Established in 1968 to improve conditions in the barrio of East Los Angeles, the East Los Angeles Community Union has had a pronounced impact on the area, providing social services, helping increase political representation, and, most notably, promoting economic development, particularly through extensive real estate dealings. The history of TELACU is especially significant because it has provided a model for community development in other Mexican-American neighborhoods throughout the Southwest (including Oakland, California; San Antonio, Texas; Embudo, New Mexico; and Phoenix, Arizona).
TELACU and other ethnic community development corporations also offer a successfully tested general model of cooperative economic development for the nation’s cities. Though this model cannot end poverty in America and its attendant problems, it offers a vision of economically self-sufficient communities equitably integrated into larger regional and national bodies for mutual improvement.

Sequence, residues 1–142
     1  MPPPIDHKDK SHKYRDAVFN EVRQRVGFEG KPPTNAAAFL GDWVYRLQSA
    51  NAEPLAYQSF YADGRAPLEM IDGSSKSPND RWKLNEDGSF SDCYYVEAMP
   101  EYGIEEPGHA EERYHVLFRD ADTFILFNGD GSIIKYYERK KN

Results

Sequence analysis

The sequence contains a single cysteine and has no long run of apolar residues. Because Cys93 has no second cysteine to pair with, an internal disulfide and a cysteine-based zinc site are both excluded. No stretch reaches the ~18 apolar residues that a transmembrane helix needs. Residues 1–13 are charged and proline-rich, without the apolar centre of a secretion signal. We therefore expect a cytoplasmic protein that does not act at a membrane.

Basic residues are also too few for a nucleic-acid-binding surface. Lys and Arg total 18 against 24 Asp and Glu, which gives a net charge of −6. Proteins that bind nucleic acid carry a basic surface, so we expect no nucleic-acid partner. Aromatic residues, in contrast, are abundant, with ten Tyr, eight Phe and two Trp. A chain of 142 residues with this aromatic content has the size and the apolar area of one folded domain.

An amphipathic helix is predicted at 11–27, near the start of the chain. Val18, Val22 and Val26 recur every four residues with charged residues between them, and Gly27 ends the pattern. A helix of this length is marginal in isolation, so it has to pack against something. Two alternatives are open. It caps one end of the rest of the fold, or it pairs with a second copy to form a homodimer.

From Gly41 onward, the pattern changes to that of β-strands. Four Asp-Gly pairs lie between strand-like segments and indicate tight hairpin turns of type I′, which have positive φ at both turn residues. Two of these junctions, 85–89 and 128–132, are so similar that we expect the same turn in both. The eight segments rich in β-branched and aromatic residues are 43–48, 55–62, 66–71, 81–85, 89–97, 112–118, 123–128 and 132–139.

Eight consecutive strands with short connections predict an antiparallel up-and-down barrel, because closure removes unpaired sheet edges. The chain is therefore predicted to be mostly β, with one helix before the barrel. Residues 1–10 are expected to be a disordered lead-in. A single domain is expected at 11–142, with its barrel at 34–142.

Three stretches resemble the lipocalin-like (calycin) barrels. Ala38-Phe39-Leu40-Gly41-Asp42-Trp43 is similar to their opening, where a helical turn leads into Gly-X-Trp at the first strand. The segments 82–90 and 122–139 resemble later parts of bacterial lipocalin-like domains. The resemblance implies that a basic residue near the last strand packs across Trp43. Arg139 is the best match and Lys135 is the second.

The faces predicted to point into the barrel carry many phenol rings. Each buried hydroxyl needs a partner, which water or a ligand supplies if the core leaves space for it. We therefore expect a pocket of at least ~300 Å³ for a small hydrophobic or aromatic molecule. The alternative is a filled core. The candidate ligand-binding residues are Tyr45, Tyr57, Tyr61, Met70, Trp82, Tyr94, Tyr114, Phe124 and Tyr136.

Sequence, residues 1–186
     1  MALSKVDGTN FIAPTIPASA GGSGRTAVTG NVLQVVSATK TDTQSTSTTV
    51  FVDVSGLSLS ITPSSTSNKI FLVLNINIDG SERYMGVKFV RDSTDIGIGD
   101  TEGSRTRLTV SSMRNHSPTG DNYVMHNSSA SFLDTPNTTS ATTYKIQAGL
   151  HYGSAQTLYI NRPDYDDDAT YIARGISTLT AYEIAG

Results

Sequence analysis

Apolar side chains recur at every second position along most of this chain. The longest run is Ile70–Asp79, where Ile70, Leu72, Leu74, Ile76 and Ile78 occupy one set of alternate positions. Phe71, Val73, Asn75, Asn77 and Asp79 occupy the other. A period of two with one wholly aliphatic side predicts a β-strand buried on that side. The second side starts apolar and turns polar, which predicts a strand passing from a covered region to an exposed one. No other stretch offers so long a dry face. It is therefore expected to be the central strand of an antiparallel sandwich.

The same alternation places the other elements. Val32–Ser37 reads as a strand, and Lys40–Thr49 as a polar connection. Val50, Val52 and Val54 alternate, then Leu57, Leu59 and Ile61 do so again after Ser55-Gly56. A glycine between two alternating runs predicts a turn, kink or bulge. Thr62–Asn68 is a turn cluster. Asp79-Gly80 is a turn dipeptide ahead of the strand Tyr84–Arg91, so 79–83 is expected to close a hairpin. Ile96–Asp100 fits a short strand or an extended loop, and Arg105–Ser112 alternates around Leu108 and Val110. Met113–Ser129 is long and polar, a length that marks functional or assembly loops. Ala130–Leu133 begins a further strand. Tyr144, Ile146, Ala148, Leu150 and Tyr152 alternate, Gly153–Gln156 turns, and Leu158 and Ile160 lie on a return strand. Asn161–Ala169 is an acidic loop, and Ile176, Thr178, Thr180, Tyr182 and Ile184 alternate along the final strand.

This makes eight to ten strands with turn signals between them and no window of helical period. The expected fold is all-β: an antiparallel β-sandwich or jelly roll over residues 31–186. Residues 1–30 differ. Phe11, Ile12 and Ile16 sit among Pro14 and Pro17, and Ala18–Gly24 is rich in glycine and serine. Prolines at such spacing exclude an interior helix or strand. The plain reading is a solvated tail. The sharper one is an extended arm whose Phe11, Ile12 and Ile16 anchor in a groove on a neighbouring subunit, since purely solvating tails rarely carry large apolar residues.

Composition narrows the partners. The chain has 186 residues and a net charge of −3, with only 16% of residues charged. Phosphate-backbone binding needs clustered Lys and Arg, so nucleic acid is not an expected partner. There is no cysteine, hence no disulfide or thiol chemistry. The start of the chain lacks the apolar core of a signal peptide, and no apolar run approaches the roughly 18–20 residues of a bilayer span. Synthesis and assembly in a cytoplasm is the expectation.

Moreover, as nonprofit, cooperative institutions that operate between government and business, organizations like TELACU offer a viable alternative in a world where many have rejected the extremes of collectivism, but still suspect capitalism. Such community development corporations can help prepare society for the larger cooperative efforts necessary for the progress of national and global communities.
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“A very important history of a key player in Los Angeles politics.”—Journal of American HistoryAbout the Author:
John R. Chávez is Professor of History at Southern Methodist University. He is the author of The Lost Land: The Chicano Image of the Southwest.
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Book Description Stanford University Press, 1998. Hardcover. Book Condition: New. Bookseller Inventory # P110804733333
Book Description Stanford University Press, 1998. Hardcover. Book Condition: New. 1. Bookseller Inventory # DADAX0804733333